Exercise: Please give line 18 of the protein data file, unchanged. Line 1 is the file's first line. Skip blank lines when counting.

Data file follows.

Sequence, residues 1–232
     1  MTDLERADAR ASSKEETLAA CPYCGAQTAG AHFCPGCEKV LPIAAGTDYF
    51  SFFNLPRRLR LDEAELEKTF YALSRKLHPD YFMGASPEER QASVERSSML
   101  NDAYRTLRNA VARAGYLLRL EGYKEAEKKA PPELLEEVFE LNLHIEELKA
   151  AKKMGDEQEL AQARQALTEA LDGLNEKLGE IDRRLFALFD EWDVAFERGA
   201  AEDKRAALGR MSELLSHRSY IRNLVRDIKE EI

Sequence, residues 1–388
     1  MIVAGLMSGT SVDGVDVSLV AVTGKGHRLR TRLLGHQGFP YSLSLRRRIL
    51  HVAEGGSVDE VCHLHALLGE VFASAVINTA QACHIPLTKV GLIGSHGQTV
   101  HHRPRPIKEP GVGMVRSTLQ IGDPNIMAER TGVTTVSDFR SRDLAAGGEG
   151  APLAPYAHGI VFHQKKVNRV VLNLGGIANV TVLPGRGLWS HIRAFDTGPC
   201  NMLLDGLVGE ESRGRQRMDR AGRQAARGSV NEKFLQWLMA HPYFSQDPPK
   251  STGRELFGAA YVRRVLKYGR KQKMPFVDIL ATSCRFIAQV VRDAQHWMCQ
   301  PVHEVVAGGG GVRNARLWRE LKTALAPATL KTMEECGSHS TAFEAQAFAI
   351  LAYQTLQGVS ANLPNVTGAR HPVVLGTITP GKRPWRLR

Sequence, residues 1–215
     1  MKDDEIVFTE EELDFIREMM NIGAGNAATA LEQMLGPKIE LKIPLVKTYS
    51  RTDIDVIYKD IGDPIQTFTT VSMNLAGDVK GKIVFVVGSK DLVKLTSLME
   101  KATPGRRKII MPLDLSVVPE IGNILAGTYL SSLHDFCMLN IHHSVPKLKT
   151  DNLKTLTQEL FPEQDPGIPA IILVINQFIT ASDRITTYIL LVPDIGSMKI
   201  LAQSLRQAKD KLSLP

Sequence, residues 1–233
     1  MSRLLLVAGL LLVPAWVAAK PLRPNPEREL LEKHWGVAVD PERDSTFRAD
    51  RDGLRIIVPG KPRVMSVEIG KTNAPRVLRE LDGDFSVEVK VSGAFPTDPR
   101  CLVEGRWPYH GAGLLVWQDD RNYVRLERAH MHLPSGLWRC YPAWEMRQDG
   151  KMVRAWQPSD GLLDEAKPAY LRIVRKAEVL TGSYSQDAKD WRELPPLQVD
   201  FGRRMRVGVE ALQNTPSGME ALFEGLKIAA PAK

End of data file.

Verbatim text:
    51  RTDIDVIYKD IGDPIQTFTT VSMNLAGDVK GKIVFVVGSK DLVKLTSLME